MORE than 1.3m people across Britain were claiming Personal Independence Payment (PIP) for a psychiatric disorder by the end of January.

The number of people claiming PIP for a psychiatric disorder has risen by more than 462,000 between February 2020 and January 2024.

Almost 3.5 million people across Britain are currently receiving PIP, with 37 per cent claiming for psychiatric disorders including mental health conditions. 

What is PIP?

PIP provides extra financial support for adults with a disability, long-term illness, or physical or mental health condition who need help completing daily tasks or moving around.

Following the annual uprating earlier this month, a successful claim for PIP is now worth between £28.70 and £184.30 each week.

The benefit is paid every four weeks which means this amounts to between £114.80 and £737.20 every payment period, Daily Record reports.

Claimants who need additional support to cover the costs of daily living or mobility needs due to a mental health condition should consider making a new claim for PIP.

Am I eligible for PIP payments?

To be eligible for PIP, you must have a health condition or disability where you:

  • have had difficulties with daily living or getting around (or both) for three months
  • expect these difficulties to continue for at least nine months

You usually need to have lived in the UK for at least two of the last three years and be in the country when you apply. If you get or need help with any of the following because of your condition, you should consider applying for PIP:

  • preparing, cooking or eating food
  • managing your medication
  • washing, bathing or using the toilet
  • dressing and undressing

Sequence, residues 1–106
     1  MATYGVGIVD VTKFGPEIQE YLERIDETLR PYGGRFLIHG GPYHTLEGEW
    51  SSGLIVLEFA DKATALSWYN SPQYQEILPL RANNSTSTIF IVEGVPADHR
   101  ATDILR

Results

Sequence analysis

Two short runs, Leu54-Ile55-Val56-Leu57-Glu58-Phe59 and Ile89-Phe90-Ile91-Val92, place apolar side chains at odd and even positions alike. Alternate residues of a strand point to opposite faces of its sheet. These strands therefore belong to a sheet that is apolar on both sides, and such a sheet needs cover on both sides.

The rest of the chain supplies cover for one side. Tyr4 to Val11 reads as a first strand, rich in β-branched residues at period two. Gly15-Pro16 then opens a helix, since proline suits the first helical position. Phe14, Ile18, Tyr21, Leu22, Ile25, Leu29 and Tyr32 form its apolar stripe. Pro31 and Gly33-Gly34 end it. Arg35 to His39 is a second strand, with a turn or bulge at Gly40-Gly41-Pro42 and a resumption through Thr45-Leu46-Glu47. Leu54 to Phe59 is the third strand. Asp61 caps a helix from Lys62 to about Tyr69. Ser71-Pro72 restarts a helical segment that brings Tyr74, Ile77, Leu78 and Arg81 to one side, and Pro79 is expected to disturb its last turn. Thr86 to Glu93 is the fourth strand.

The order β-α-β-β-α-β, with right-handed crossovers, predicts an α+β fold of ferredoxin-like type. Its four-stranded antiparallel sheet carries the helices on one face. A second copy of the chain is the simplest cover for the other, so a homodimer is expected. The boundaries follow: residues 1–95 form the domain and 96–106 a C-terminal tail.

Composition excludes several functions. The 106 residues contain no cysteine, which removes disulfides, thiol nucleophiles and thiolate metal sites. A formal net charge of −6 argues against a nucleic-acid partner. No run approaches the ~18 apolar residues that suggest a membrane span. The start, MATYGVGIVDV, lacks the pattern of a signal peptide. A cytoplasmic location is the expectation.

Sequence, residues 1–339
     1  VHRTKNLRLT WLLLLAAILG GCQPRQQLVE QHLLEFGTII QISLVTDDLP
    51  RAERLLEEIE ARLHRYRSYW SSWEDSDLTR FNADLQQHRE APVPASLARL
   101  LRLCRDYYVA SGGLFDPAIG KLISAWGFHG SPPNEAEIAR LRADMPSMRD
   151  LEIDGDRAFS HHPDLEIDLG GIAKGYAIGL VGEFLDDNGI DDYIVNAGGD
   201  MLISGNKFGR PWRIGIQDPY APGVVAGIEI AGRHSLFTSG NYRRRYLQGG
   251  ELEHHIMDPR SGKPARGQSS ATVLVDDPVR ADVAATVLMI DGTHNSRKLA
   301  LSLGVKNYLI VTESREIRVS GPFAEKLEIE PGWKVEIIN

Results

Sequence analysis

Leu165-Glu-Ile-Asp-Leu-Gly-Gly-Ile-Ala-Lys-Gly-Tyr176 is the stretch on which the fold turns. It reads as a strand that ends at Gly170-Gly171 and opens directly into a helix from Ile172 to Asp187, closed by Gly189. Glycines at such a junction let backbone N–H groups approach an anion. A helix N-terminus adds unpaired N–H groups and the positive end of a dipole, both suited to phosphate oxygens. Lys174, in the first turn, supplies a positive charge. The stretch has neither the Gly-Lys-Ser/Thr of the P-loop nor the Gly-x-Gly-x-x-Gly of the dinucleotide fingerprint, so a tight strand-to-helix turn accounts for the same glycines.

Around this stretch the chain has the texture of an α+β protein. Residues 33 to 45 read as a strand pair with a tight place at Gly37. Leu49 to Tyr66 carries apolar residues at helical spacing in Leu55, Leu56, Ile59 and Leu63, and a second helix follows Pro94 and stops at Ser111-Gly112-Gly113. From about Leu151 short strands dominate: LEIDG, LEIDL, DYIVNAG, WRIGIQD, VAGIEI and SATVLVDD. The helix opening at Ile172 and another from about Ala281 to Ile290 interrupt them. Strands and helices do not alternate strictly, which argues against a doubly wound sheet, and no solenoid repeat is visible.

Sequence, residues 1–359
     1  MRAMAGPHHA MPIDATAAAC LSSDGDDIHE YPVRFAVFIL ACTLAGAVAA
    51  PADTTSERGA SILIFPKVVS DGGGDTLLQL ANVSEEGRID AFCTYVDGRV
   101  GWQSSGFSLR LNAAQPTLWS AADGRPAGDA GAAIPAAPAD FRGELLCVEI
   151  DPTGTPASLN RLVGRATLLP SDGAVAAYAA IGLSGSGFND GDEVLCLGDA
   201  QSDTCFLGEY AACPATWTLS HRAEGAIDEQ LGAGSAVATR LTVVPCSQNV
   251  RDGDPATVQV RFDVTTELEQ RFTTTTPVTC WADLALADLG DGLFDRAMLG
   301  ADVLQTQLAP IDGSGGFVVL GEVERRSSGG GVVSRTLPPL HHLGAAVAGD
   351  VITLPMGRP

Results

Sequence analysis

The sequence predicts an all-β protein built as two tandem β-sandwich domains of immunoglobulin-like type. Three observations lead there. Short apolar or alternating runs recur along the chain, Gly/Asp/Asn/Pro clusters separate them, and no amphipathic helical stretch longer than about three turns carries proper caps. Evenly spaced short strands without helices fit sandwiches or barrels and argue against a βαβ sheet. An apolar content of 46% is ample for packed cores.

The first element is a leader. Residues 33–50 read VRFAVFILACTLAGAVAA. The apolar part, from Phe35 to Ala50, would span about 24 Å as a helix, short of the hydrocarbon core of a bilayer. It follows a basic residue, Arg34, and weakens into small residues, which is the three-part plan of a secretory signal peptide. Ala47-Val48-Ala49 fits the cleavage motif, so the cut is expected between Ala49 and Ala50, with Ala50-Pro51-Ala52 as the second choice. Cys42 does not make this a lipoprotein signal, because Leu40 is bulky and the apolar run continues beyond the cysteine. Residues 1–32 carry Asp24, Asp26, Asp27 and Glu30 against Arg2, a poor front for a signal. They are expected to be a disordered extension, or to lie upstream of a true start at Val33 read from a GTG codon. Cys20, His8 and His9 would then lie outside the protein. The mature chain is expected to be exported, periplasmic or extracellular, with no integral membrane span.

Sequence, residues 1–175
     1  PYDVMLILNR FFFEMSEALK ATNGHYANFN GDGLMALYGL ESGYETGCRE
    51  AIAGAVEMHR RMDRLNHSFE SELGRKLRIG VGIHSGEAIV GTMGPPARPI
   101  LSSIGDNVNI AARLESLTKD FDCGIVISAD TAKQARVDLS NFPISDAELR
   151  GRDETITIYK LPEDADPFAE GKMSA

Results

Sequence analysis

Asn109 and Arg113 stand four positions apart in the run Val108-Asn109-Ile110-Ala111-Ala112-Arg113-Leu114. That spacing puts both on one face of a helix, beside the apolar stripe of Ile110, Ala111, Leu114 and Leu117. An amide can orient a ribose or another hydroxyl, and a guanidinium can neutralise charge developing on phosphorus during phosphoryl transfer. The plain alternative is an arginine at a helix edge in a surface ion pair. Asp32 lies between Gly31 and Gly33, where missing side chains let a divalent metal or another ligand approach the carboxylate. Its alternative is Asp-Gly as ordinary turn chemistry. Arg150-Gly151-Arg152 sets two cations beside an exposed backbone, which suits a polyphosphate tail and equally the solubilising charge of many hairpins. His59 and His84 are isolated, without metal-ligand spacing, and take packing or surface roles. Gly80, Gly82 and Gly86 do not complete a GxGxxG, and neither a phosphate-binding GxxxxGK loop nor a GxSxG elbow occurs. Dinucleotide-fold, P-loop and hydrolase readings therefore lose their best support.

• engaging and communicating with other people
  • reading and understanding written information
  • making decisions about money
  • planning a journey or following a route
  • moving around

There are different rules if you are terminally ill, you will find these on the GOV.UK website here. DWP will assess how difficult you find daily living and mobility tasks.

Recommended reading:

DWP warning claimants they could lose their benefits

Universal Credit: Claimants face fines over these changes

Do you have to pay council tax if you receive DWP benefits?

For each task, they will look at:

  • whether you can do it safely
  • how long it takes you
  • how often your condition affects this activity
  • whether you need help to do it, from a person or using extra equipment

PIP is made up of two components:

  1. Daily living
  2. Mobility

Whether you get one or both of these and how much depends on how severely your condition affects you. You will be paid the following amounts per week depending on your circumstances:

Daily living

Standard rate: £72.65

Enhanced rate: £108.55

How do you claim PIP?

Make a new claim by contacting the DWP - you will find all the information you need to apply on the GOV.UK website here.

Before you call, you will need:

  • your contact details
  • your date of birth
  • your National Insurance number - this is on letters about tax, pensions and benefits
  • your bank or building society account number and sort code
  • your doctor or health worker’s name, address and telephone number
  • dates and addresses for any time you’ve spent abroad, in a care home or hospital

How is PIP paid?

PIP is usually paid every four weeks unless you are terminally ill, in which case it is paid weekly. It is paid directly into your bank, building society or credit union account.